Why is Herd Mentality Driving the Australian Tech Sector?

Dale Gillham, Chief Analyst and Head Trainer of Wealth Within

By Dale Gillham |

Herd mentality is alive and well in our markets given that the US tech sector is running rampant, as it is up over 40 per cent this year. This is also evident in the Australian tech sector, as it is up over 30 per cent. When we compare this to the broader market, the rise in the Australian tech sector is over three times better than the next best sector with Communication Services up around 10 per cent.

Will the herd mentality in the US result in the market crashing?

Blindly following the trends in the US market and applying this to the Australian market is concerning for two reasons. The first is that the US technology sector has the biggest stocks in the world that benefit from worldwide exposure to their products and services like Apple, Microsoft, Nvidia and the list goes on. The same cannot be said for Australian tech stocks who are dwarfed in size by their US counterparts.

The second concern is that the US technology sector accounts for around 28 per cent of the S&P500 making it the largest sector in the US. The story is vastly different in Australia, as our tech sector makes up less than 4 per cent of the All Ordinaries Index, which means it is the ninth largest sector, and only marginally above Energy and Utilities. The biggest sectors in the Australian market include Financials with a weighting of over 25 per cent, while Materials is around 24 per cent. So why does this matter?

 The S&P500 has risen over 14 per cent this year, while the Dow Jones is up just over 3 per cent. The Australian market, on the other hand, is up just over 3 per cent. This suggests that the rise in the US market is being driven by a few tech stocks rather than the broader market, which is concerning. I say this because Materials and Financials are not really driving the Australian market at present, which means the rise is being driven by the broader market making the move more sustainable, unlike the US market. As technology stocks have become increasingly overheated in the US, it is possible the bubble will burst sometime in the future.

This presents considerable risk for those Australian’s suffering from FOMO and following the herd mentality, particularly if they’re not on the ball and watching their stocks closely. While I’m not suggesting the US tech sector will crash in the short term, what we know is that the more bullish the rise, the more people will buy into tech stocks until eventually the crash occurs. Based on historical trends, a crash in the US tech sector will see the same occur in Australia, and while this will have a significant impact on the S&P500, the same cannot be said for the Australian market.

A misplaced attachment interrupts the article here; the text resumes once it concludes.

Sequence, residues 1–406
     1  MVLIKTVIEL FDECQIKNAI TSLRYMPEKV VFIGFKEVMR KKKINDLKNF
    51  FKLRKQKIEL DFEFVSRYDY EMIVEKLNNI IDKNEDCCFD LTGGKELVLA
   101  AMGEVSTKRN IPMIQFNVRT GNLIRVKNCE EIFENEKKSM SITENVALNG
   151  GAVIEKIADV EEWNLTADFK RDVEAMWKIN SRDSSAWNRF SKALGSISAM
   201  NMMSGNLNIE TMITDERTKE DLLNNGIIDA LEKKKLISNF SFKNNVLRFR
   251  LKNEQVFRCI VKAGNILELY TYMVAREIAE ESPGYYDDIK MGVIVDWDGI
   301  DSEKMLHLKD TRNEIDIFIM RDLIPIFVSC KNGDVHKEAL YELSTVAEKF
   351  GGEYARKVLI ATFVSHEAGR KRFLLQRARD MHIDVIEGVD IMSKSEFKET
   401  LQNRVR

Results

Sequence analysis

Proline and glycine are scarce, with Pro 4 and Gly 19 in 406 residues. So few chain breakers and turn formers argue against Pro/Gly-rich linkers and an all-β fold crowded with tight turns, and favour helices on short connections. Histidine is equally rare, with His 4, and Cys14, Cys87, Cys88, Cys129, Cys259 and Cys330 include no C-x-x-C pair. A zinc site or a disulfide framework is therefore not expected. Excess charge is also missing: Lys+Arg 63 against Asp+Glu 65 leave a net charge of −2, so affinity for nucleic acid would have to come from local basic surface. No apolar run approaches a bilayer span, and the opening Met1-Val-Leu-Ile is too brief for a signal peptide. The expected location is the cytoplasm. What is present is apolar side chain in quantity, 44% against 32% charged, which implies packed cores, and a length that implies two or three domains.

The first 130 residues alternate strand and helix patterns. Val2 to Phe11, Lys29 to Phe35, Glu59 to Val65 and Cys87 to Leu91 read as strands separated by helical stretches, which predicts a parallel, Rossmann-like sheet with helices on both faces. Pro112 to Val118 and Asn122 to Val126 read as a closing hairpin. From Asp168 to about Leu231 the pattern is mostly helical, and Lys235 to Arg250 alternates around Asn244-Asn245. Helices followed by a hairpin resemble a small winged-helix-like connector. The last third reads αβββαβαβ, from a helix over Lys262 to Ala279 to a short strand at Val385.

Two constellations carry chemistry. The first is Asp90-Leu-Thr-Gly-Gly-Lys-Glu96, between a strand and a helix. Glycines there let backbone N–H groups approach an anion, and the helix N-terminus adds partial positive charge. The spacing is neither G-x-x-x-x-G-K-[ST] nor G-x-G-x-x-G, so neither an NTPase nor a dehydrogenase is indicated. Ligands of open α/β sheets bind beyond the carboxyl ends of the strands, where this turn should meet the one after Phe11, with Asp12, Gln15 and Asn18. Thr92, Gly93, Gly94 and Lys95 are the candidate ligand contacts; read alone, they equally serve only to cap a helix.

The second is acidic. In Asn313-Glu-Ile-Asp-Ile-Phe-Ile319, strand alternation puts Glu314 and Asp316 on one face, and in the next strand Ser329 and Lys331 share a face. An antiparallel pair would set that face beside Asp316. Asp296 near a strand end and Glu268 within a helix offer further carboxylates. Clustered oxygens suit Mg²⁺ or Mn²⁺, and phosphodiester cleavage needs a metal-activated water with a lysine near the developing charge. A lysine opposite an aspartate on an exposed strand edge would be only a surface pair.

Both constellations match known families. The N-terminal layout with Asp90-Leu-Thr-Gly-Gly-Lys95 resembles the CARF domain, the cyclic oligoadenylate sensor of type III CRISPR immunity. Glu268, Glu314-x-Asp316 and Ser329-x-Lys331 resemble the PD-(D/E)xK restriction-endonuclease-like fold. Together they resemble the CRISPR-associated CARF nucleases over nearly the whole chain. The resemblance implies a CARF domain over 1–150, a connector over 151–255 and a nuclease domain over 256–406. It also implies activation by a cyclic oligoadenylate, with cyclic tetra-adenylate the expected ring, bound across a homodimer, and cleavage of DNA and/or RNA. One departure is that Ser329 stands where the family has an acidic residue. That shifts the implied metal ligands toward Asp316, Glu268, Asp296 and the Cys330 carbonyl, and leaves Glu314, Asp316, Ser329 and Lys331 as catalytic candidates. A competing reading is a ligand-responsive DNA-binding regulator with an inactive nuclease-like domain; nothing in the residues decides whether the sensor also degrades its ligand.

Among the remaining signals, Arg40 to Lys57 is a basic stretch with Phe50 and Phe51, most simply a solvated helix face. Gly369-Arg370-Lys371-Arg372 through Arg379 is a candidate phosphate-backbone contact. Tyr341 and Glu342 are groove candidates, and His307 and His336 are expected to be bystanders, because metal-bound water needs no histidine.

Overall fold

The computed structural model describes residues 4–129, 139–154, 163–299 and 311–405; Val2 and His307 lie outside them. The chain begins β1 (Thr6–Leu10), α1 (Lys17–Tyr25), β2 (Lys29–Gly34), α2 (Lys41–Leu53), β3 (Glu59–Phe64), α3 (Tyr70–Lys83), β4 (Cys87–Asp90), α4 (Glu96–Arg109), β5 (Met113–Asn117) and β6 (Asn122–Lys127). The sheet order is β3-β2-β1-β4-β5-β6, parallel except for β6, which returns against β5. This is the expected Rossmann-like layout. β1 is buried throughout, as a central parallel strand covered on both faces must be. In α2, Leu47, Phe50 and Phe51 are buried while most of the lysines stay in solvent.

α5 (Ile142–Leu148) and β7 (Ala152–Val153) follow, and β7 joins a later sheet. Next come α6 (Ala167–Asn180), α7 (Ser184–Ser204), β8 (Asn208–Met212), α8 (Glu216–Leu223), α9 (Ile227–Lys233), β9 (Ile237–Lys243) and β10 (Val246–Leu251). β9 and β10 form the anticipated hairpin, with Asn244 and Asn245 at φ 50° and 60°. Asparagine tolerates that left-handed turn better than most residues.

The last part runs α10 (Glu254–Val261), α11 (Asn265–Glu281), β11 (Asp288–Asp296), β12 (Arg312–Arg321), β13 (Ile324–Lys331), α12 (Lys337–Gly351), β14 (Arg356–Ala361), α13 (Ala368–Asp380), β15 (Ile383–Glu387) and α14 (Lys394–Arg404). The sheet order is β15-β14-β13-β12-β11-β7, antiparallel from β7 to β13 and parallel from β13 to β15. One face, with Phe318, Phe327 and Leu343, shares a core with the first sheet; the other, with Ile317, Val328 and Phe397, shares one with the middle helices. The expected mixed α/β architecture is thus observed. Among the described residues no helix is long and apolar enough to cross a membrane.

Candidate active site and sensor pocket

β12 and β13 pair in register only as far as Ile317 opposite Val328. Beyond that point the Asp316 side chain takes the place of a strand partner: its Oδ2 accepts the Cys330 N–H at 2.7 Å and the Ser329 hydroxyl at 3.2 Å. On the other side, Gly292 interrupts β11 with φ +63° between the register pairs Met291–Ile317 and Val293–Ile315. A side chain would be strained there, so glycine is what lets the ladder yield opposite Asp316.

What were the best and worst performing sectors last week?

The best performing sectors included Information Technology up 4.80 per cent followed by Financials up 3.38 per cent and Materials up 3.08 per cent. The worst performing sectors included Healthcare down 5.86 per cent followed by Utilities up 0.57 per cent and Consumer Staples up 1.62 per cent.

The best performing stocks in the ASX top 100 included Whitehaven Coal up 8.44 per cent followed by Fortescue Metals up 8.27 per cent and Insurance Australia Group up 7.83 per cent. The worst performing stocks included CSL down 8.99 per cent followed by The Star Entertainment Group down 6.25 per cent and Domino’s Pizza down 5.14 per cent.

What's next for the Australian stock market?

The All Ordinaries Index is once again defying logic, as it rose just under 2 per cent last week despite the fact the market is still technically falling. The down move to the recent low of 7,257 points on 1 June lasted six weeks and while we are now two weeks past that date, the higher close last week is not quite enough confirmation to signify an end to the current bearishness.

The good news is that the All Ordinaries Index is currently trading well above the lows of two weeks ago and has achieved its highest close in a month, both of which are good signs. While we still need to err on the side of caution and expect further falls, a continuation of the upward momentum into next week and beyond will increase the likelihood that a bull market will unfold until the end of July.

We know that over the past three years, since the start of the COVID pandemic, the market has been prone to false moves. Given this, we need to remain diligent, which means if the market falls away into next week, we can expect further falls to below 7,000 points. If it continues to rise strongly, we can start to conceive that it will rise to 7,800 points and beyond in the near term.

I continue to reiterate, at least for this coming week, that it’s wise to sit on your hands, be patient and protect your capital, as I suspect that the time to profit is not too far away.

For now good luck and good trading.

Dale Gillham is Chief Analyst at Wealth Within and international bestselling author of How to Beat the Managed Funds by 20%. He is also author of the bestselling and award winning book Accelerate Your Wealth—It’s Your Money, Your Choice, which is available in all good book stores and online.

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